Just a few ingredients are needed for these delicious healthier shortbread cookies. Your taste buds will thank you for this one!
Shortbread is a popular cookie choice around holidays like Christmas and Easter, but these healthier shortbread cookies will have you feeling a whole lot better about indulging!
While they’re a little different in texture and flavour when compared to classic versions, they’re 100% delicious. This shortbread cookie recipe uses simple ingredients to deliver BIG flavour.
What makes these shortbread cookies healthier?
- No butter! Unlike most shortbread cookies that start with butter, coconut oil, margarine, or another unhealthy fat, these cookies use almond flour. Not only is almond flour high in protein, and naturally gluten-free, but it’s also a FAR healthier fat source.
- Zero refined sugar: No artificial sweeteners are needed here. These healthy shortbread cookies are sweetened using pure maple syrup. (And far less sugar than classic shortbread.)
- Low in saturated fat: While not fat-free, or low in fat, these cookies are VERY low in saturated fat, being free from animal fat.
Ingredients + Substitutions
Here’s what you’ll need to make these healthier shortbread cookies.
- Almond flour: Use superfine unblanched almond flour and not almond meal which contains almond skins. And if possible, use a kitchen scale to weigh the flour for the most accurate, and best results.
- Maple syrup: Use pure and unrefined maple syrup to keep the cookies refined sugar-free. You may try another liquid sweetener such as date syrup if you prefer.
- Vanilla: While optional, the vanilla adds a little extra flavour to the cookies.
- Salt: Also optional, but the pinch of salt will amp up the flavour of these delicious gluten-free shortbread cookies.
(This is a summary with step by step photos, full recipe measurements and instructions are in the recipe card below.)
Add all the ingredients to a medium bowl. (photo 1)
Mix until combined. (photo 2)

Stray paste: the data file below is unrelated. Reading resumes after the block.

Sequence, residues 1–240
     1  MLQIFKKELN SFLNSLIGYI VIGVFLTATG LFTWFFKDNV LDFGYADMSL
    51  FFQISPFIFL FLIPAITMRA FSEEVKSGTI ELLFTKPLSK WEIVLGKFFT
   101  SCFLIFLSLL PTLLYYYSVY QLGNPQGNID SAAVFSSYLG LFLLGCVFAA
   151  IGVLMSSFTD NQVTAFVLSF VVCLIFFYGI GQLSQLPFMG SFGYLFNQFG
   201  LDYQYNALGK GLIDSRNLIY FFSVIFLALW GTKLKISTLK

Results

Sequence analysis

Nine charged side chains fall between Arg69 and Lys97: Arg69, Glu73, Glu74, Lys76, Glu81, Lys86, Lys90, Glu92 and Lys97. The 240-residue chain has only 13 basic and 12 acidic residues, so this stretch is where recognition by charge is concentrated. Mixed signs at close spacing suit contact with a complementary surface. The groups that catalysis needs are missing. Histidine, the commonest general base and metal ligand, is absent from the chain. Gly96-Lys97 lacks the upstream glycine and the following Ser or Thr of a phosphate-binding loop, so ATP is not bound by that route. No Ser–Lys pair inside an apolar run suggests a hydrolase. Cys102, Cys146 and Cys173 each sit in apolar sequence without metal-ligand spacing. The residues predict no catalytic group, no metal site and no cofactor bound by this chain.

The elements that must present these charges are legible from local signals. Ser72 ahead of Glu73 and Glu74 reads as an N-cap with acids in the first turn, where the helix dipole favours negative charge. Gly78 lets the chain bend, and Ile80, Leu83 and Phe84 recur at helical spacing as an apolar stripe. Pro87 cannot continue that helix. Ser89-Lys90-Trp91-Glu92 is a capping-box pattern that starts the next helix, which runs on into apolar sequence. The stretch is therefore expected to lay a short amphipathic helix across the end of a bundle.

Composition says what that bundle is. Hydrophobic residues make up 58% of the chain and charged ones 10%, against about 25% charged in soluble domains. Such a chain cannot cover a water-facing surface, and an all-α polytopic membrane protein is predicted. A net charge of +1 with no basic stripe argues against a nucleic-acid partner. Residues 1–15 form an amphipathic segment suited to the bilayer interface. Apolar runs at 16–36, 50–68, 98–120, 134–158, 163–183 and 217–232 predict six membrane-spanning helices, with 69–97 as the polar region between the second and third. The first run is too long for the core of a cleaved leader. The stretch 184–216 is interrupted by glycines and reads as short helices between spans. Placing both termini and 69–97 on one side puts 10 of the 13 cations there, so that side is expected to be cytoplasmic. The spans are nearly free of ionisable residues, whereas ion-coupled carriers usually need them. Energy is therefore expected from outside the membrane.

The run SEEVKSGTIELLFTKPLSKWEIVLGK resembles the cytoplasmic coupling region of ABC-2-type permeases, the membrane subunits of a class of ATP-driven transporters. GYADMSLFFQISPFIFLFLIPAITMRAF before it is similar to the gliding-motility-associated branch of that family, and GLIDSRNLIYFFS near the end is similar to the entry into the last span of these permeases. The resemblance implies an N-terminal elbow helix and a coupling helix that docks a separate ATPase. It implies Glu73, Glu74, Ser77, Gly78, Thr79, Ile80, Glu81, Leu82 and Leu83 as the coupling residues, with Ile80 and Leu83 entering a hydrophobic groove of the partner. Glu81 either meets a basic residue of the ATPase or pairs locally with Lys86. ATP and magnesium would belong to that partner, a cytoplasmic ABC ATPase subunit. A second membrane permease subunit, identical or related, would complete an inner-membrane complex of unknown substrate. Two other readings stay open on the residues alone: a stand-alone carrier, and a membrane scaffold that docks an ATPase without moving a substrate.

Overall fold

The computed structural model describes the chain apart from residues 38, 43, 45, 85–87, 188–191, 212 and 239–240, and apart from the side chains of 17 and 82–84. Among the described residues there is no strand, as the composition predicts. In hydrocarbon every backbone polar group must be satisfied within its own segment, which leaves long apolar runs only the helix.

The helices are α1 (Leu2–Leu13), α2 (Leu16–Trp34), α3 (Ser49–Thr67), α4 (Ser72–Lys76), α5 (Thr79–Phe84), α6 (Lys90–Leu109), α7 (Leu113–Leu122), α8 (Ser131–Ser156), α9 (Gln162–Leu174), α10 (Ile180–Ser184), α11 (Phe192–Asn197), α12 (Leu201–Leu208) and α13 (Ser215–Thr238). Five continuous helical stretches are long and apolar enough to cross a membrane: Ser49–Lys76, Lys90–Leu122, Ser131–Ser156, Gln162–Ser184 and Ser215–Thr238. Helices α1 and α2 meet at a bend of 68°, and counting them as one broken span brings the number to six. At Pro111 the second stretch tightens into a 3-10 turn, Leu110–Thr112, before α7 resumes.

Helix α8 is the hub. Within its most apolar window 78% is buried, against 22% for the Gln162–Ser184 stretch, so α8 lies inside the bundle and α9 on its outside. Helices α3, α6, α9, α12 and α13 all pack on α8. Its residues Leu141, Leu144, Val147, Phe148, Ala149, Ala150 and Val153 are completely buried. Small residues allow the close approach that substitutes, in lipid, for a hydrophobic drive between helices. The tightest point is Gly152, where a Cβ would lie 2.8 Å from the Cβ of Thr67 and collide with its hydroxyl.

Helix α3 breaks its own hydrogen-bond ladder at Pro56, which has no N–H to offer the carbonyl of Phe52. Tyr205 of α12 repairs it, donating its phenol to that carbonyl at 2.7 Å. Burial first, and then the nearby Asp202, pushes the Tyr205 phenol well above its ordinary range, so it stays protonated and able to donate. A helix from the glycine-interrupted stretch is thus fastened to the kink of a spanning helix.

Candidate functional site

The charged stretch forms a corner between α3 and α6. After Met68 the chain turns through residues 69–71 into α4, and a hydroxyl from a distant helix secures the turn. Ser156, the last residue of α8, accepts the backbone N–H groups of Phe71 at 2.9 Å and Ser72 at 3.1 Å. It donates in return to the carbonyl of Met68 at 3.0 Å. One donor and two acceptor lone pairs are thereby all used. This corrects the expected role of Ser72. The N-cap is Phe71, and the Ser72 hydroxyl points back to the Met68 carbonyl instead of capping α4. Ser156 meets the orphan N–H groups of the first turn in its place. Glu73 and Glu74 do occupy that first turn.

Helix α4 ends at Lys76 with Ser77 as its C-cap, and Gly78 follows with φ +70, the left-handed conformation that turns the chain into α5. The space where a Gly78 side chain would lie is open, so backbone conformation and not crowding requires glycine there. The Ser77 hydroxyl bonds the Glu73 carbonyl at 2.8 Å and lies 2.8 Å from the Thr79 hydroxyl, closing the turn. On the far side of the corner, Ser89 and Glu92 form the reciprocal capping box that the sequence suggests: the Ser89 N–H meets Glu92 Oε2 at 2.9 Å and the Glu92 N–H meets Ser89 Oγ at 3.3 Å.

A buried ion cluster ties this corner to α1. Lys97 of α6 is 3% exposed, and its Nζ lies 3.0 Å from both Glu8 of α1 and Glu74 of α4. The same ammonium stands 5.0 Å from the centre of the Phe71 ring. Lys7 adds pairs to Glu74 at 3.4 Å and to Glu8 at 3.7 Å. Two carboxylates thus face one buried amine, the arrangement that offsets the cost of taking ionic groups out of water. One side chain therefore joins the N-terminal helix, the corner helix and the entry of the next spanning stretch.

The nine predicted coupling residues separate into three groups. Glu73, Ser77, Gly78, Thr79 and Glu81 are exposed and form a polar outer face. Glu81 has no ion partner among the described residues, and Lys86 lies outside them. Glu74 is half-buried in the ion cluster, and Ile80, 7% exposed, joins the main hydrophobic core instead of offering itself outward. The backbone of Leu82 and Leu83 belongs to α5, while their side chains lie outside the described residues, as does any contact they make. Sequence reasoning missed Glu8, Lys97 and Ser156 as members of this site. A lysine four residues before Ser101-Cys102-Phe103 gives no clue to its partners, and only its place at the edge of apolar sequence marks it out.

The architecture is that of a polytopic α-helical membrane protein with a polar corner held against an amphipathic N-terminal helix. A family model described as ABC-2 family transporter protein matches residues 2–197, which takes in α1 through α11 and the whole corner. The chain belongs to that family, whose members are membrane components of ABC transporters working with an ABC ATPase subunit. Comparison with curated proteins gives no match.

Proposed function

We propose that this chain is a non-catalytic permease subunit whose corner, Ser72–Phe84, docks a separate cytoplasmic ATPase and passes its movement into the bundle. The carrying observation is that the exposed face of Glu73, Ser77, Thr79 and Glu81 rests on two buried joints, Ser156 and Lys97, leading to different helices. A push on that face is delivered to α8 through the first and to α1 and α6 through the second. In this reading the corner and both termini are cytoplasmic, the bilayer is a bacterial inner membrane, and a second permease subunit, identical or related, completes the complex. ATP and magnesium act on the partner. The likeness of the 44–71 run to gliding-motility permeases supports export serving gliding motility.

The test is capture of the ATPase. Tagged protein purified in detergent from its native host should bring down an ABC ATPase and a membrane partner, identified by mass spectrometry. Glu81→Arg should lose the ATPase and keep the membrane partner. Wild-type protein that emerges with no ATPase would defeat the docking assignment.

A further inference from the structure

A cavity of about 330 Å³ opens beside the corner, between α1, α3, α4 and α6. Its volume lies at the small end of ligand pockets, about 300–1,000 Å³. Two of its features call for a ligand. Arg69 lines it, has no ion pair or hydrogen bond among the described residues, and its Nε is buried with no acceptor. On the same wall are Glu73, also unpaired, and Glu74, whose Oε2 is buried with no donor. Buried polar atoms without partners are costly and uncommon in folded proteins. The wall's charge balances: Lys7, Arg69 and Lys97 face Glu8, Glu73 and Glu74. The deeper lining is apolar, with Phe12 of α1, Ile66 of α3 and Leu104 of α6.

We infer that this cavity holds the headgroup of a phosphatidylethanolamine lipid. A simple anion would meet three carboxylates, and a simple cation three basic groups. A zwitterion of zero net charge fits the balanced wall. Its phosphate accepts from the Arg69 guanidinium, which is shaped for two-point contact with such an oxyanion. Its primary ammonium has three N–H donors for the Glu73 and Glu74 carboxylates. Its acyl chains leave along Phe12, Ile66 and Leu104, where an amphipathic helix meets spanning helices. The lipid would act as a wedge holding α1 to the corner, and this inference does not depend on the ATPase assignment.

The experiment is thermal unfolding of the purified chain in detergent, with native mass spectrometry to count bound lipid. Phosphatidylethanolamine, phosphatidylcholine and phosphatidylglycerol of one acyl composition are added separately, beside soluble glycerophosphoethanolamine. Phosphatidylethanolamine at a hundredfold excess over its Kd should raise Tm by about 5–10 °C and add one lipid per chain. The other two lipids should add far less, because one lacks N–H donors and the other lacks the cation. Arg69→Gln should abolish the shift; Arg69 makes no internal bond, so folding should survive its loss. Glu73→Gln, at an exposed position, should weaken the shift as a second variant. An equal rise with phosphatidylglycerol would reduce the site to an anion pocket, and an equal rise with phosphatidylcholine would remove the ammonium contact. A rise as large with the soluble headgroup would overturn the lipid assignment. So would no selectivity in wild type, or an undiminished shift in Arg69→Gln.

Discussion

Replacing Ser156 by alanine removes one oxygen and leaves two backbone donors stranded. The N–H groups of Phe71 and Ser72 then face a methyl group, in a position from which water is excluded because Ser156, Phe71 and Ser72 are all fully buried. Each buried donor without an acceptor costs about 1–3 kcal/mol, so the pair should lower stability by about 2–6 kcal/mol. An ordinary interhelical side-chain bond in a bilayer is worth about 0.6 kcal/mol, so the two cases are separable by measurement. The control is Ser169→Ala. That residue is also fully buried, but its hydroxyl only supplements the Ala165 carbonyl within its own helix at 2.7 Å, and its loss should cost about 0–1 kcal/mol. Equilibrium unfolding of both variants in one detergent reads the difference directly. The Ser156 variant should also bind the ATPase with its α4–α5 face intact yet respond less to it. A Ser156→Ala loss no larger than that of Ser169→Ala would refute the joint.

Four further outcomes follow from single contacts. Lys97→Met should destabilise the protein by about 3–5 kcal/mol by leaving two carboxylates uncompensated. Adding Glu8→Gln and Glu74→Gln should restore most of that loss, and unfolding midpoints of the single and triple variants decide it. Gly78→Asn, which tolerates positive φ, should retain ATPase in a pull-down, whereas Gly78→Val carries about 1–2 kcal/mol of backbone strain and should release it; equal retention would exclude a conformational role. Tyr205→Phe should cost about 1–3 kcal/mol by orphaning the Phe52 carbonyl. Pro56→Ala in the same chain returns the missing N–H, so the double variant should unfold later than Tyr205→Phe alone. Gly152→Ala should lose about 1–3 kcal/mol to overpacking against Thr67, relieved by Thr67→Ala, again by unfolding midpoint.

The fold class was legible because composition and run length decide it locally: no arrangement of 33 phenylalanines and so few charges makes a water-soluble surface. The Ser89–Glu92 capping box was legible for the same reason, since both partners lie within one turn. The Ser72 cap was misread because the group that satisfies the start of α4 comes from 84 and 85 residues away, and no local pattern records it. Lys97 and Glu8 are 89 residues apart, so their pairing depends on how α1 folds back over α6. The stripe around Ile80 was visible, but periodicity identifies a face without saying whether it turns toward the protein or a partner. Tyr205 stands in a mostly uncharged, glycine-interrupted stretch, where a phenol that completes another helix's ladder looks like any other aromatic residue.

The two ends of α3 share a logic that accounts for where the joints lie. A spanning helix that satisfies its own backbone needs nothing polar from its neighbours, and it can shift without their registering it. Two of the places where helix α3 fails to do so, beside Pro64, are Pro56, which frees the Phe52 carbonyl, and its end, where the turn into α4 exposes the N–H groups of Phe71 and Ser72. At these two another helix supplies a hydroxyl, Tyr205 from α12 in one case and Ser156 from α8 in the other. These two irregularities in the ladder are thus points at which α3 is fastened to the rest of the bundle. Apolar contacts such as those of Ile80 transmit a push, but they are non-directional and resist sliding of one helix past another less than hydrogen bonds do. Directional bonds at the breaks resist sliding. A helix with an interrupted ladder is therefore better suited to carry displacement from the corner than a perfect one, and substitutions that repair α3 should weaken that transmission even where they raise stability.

Transfer the ball of dough to a sheet of parchment paper over a cutting board. (photo 3)
Place another sheet of parchment paper on top and roll the dough to ⅛ inch thick. (photo 4)
Use a pizza cutter to make a grid shape or use cookie cutters of choice. (photo 5)
Then poke a few holes in each cookie with a fork and transfer to a baking sheet. (photo 6)
Bake these healthier shortbread cookies until the edges are lightly golden, but do not overbake! They will feel soft, but let the cookies rest at room temperature to cool and harden.
NOTE: I’m using a lower temperature to prevent burning the edges, so don’t be tempted to increase the heat.
To change up the flavour of these healthier shortbread cookies, try one of these variations.
- Chocolate: Make these chocolate shortbread cookies by adding 2 tablespoons of raw cocoa powder to the mix.
- Chocolate dipped: Keep the recipe the same and then melt some dark chocolate chips (or other melting chocolate), and once the cookies have cooled, dip them halfway into the chocolate and leave them to set and dry. Or drizzle some melted chocolate on top of each one.
- Peppermint: Use pure peppermint extract instead of vanilla for mint-flavoured shortbread cookies.
- Cranberry: Make these ultra festive by adding ¼ cup of dried or fresh cranberries to the mix.